Floating on sea, the morning sea breeze makes us sleepy

It took the boat moreless one and a half  hours floating on sea before it reached our destination islands. Islands which full of history. We explored these islands around for at least three hours before cruising back to the mainland, the Island of Java.

On Island of Cipir and Kelor

The sun went down.  High tide created bigger waves. The boat swung to the left and to the right, as if it was going to turn upside down. We were screaming, was it a joy or a fear screaming, I did not know.  A breathtaking  journey on the way back. A boat crew who slept soundly made me feel a slightly calm. Though, I prayed hard and sure some of us did that too. The splashes from boat’s sides wet our skins and clothes. The sea water was dried under the hot, sunny afternoon sunshine left the salt on my skin, made me feel like a salty jambal roti.

High tide brings us back from Onrust to Kamal Muara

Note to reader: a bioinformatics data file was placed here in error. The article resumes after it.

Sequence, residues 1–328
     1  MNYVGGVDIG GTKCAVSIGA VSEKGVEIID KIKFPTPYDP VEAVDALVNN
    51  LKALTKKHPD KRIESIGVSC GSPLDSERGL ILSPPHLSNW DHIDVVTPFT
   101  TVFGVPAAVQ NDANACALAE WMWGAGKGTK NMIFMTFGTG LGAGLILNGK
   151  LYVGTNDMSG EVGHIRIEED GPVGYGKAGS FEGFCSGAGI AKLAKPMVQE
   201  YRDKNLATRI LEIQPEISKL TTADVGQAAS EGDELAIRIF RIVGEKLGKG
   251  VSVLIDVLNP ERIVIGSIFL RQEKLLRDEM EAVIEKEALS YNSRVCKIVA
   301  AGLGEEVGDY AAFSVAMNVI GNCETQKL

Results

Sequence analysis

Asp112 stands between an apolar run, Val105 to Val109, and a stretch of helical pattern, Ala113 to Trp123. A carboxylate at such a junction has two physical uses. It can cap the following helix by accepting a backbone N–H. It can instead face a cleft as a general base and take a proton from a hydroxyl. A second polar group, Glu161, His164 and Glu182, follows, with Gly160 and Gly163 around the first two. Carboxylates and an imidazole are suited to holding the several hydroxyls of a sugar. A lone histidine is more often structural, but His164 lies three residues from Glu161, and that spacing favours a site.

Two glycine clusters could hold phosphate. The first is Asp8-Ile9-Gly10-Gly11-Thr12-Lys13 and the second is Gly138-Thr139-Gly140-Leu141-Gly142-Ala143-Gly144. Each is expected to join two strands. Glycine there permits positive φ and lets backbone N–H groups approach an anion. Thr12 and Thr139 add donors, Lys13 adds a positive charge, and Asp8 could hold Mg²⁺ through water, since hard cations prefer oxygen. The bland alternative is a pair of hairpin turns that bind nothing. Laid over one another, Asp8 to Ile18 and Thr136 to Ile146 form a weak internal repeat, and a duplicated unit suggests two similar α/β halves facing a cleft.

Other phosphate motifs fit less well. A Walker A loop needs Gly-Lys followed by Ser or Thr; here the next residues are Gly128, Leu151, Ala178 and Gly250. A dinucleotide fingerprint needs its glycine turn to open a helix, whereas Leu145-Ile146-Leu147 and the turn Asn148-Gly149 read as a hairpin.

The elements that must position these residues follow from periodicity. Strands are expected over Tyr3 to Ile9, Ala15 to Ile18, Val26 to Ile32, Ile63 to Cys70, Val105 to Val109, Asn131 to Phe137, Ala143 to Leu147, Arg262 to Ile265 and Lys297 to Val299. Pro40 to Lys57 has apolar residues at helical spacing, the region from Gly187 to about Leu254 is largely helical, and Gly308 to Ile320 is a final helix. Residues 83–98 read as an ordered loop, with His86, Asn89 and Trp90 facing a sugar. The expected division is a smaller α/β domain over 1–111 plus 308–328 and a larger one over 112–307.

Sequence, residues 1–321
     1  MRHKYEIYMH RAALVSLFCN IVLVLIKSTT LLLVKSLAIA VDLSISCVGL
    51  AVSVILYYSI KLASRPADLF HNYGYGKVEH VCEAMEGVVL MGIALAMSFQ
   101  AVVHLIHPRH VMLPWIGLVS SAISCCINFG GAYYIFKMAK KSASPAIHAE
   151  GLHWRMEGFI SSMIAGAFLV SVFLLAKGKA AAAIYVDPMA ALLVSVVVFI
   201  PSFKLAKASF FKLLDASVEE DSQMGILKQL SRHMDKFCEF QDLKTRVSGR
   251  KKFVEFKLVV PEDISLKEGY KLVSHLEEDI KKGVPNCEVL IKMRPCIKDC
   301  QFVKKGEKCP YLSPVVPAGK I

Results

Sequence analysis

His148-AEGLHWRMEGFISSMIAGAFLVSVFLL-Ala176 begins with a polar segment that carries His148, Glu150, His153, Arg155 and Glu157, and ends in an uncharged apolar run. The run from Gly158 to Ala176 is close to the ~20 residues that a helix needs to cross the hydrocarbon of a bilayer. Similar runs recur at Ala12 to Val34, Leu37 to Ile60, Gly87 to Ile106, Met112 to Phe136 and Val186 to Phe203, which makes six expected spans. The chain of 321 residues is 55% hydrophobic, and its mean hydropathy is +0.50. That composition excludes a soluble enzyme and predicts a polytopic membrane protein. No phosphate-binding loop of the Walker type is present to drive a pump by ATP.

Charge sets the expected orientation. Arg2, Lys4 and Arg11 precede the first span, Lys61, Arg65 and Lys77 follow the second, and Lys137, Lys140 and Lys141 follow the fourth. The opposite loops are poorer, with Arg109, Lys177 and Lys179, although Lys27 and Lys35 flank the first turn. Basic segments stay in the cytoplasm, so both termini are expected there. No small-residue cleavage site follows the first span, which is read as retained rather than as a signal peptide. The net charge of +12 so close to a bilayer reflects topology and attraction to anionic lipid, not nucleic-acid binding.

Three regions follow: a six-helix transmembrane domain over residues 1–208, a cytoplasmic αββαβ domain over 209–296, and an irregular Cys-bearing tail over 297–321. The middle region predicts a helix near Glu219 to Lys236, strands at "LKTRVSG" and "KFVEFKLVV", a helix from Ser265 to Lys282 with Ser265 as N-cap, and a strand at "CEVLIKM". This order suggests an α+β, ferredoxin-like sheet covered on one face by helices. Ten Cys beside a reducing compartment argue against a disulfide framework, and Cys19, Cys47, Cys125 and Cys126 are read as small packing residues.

Time run very slowly because of the tense I felt, but when the cluster of green oyster farms emerging from a distance  I became completely calm, even more when the water colour was turning dark. It was a sign, we nearly there. Wooden houses and a floating mosque emerged on our sight. The boat was getting closer to the pier.

The golden sun shined 160o to the west when we set foot on the mainland. I relieved, all the tenses were over, blown away by the afternoon sea breeze, replaced by such a joy. I have got through this journey. What a wonderful day with a wonderful experience. The story is worth to share…….. (Imtihanah————)